An exhibition to honor Romanov philanthropists in pre-Revolutionary Russia opens in Moscow

An exhibition to honor Romanov philanthropists in pre-Revolutionary Russia opens in Moscow
An exhibition to honor philanthropists from the Romanov family has opened in Moscow. Grand Duke Sergei and his wife Duchess Elizabeth ran hundreds of charity groups and helped thousands of people in pre-revolutionary Russia in their lifetimes.

The exhibition – called “Moscow the holy land of Grand Duke Sergei Alexandrovich and Grand Duchess Elizabeth Feodorovna” – opened at Russia’s State Historical Museum on Monday.

More than 30 groups, including Russian archives and private collectors, have contributed to the event. Portraits, documents, pieces of art, and personal belongings are on display at the exhibition, many of them for the first time.

Sergei and Elizabeth were famous for their charity work and for launching numerous charity organizations in Moscow and other Russian cities. However, both their stories ended in tragedy.

Grand Duchess Elizabeth, a German princess who later became the wife of Grand Duke Sergei Alexandrovich, a son of Emperor Alexander II of Russia, loved Russia with all her heart. Granddaughter of British Queen Victoria, she became famous in Russia for her charity work among the poor.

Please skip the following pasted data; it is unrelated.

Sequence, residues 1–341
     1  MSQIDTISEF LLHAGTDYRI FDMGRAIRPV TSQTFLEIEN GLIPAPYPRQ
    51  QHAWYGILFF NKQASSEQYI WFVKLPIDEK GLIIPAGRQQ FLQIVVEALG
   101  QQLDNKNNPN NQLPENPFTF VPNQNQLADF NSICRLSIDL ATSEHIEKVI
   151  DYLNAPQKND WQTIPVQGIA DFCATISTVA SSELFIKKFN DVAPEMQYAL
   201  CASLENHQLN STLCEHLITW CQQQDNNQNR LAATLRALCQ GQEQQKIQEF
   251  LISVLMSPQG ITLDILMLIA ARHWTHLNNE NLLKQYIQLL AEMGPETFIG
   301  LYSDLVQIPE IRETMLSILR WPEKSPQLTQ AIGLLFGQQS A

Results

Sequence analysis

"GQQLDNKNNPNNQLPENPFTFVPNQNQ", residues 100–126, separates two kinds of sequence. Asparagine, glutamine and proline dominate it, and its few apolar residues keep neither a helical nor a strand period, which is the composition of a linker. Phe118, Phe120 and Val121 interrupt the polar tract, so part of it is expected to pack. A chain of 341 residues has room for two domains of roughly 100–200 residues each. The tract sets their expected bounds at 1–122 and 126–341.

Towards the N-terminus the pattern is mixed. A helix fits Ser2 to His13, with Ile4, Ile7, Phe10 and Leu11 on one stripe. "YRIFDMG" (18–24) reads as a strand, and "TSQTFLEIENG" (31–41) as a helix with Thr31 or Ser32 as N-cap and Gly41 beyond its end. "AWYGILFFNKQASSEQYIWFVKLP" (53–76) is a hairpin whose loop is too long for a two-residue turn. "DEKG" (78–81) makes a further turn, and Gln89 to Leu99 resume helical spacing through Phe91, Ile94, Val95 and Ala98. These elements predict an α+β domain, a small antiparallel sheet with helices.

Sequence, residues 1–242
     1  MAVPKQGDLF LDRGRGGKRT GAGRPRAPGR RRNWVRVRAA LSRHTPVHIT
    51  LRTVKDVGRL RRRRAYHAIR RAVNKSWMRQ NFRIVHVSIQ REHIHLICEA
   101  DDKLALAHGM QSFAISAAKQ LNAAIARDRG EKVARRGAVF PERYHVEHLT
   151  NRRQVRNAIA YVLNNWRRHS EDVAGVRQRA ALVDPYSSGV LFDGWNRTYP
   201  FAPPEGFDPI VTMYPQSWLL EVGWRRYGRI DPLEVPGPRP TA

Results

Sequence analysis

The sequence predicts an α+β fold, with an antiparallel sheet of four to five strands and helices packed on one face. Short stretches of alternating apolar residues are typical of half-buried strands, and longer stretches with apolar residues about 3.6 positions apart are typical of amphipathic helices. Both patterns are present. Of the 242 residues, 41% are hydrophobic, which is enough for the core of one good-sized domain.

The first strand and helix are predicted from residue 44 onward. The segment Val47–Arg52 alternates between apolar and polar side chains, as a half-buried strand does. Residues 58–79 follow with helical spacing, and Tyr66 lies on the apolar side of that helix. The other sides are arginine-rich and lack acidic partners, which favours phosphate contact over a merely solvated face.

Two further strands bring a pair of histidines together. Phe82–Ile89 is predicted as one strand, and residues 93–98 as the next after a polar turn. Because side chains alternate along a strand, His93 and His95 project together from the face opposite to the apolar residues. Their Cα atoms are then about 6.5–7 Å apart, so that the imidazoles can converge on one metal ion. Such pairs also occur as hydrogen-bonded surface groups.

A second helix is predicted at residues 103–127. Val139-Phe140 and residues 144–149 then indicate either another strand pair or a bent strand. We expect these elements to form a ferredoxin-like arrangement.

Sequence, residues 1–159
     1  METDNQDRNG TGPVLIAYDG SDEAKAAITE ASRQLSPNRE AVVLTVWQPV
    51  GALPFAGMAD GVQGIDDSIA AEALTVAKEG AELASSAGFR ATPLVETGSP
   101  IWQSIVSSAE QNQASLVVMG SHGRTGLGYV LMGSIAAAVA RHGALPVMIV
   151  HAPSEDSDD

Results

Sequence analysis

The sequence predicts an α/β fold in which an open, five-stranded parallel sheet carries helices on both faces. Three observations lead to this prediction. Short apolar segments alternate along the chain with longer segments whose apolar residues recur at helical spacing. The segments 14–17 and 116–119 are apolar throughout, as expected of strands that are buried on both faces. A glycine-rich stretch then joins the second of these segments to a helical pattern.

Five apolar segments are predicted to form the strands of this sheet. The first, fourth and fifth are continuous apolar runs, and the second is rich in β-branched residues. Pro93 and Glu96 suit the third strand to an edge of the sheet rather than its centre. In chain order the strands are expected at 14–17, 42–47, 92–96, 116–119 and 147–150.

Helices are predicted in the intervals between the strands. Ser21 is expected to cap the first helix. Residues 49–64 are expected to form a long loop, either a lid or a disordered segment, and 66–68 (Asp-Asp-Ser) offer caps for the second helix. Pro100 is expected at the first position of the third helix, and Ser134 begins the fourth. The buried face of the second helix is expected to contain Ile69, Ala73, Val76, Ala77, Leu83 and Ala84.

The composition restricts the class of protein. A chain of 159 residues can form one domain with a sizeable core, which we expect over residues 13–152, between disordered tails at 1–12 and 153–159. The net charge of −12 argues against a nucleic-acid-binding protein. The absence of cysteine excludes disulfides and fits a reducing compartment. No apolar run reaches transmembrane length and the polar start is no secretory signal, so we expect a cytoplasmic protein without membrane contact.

The couple had no children of their own, but they became foster parents for Sergei’s niece and nephew whose mother had died in childbirth.
However, the absence of children of her own wasn’t the only tragedy for the Grand Duchess. In 1905 she suffered a terrible shock – the assassination of her husband who had served as Moscow Governor for a long time. Sergei’s carriage fell prey to a terrorist bomb at the Kremlin. He died on the spot.

Elizabeth visited her husband’s murderer, terrorist revolutionary Ivan Kalyayev, in prison. She asked Tsar Nicholas II, who was the husband of her younger sister, Alexandra, to pardon the terrorist. However, the authorities still hanged Kalyayev.

Following the tragedy, Elizabeth sold all her jewels and possessions and even her wedding ring to open the Convent of Saints Martha and Mary, a convent in Moscow. Its aim was to help the sick and wounded, as well as to assist the poor and orphaned.

Elizabeth, who became highly religious at that time, was often spotted in a monastic habit treating the sick and helping the poor.

But the final tragedy of her life was still ahead – Elizabeth was brutally killed by the Bolsheviks. She had refused to leave Russia after the 1917 revolution and was arrested in 1918 and sent to the town of Alapayevsk in the Urals, where she was thrown alive into a mine with other members and friends of the Romanovs. Elizabeth tried to treat the wounded there, in a place which was destined to become her grave. She reportedly died of her own injuries and starvation.

Elizabeth’s remains were later transported to Jerusalem. She was canonized by the Moscow Patriarchate in 1992.